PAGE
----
In April 1915 Tom took part in the Gallipoli landings. In July, he was evacuated off the peninsula suffering from a respiratory infection and jaundice. After duties in HQ, he arrived in France in April 1917. Shortly after, he suffered a sever fracture of his arm during fighting near Bullecourt and was shipped to England. In July 1918, in fighting near Strazeele, he was again severely wounded with shrapnel wounds to the abdomen. He spent the remainder of the war in hospital in England.
On returning to Ross, Tom was not fit for labouring work. In 1922, he was appointed caretaker of the waterworks. He married Ruby Johns and they had four children. Tom receive a grant of 200 acres near Lake Leake under the Returned Soldier Settlement Scheme. The family later move to Campbell Town and Tom had a boot repair business. He died in 1969.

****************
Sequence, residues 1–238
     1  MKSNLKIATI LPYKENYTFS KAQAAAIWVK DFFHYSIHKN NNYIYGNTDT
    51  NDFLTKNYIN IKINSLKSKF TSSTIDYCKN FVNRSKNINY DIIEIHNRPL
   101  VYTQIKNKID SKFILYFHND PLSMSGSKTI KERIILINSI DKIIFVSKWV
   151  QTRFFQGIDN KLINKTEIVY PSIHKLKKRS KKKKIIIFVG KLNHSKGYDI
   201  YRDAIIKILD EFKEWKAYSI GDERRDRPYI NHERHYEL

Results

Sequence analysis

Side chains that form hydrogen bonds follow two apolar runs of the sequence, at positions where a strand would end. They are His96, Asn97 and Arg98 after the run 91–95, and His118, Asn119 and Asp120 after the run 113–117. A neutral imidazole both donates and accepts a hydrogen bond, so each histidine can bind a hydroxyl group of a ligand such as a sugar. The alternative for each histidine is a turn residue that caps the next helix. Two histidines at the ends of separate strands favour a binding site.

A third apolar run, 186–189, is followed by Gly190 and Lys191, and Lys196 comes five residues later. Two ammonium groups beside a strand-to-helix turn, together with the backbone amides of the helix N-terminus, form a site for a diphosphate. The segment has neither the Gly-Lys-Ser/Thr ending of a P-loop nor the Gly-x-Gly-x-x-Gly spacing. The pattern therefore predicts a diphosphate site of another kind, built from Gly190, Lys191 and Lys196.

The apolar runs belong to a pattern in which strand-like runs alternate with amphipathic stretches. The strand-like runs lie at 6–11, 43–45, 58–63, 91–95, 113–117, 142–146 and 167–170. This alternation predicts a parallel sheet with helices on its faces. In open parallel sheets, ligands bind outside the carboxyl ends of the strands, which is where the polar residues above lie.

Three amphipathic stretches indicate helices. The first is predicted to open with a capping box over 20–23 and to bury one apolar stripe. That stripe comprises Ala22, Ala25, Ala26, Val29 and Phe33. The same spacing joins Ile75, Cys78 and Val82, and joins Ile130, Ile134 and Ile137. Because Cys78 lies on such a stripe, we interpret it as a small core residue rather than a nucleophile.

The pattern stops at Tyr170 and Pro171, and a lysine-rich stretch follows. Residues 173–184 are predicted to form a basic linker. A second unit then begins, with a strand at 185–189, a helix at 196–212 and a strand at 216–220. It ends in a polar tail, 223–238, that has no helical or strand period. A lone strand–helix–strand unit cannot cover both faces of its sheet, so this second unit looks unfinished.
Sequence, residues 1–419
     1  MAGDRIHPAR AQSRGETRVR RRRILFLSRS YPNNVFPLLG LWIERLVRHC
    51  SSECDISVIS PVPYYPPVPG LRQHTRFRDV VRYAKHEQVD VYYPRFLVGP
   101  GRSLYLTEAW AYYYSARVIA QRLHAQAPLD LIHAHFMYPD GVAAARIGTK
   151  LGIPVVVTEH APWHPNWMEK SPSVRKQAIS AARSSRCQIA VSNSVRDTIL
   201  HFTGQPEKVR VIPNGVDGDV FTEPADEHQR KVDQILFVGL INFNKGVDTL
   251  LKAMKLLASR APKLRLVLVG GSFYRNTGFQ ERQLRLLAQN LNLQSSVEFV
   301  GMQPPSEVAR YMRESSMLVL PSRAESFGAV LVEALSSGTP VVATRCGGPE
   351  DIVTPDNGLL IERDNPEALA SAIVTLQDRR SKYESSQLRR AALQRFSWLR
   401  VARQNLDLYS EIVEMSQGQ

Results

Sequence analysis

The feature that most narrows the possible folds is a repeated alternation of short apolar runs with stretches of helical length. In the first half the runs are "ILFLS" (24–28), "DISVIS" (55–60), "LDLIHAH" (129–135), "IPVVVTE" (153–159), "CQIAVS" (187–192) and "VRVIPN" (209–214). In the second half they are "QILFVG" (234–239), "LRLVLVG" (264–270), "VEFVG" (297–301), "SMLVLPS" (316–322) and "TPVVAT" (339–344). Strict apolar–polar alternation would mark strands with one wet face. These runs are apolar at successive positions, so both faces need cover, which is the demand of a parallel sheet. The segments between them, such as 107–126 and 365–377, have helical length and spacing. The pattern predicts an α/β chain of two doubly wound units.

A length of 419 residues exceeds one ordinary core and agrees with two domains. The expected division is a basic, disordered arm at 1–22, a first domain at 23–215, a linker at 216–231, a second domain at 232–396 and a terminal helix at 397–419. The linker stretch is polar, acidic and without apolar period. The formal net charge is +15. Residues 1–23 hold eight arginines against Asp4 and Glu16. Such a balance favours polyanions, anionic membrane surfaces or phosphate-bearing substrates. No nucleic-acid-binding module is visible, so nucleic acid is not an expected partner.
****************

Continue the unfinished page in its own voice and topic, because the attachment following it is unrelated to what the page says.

Tom’s story is part of our exhibition: Our Grateful Thanks and Loving Remembrance, a moving and deeply personal exhibition remembering the soldiers whose names are immortalised on the Ross War Memorial.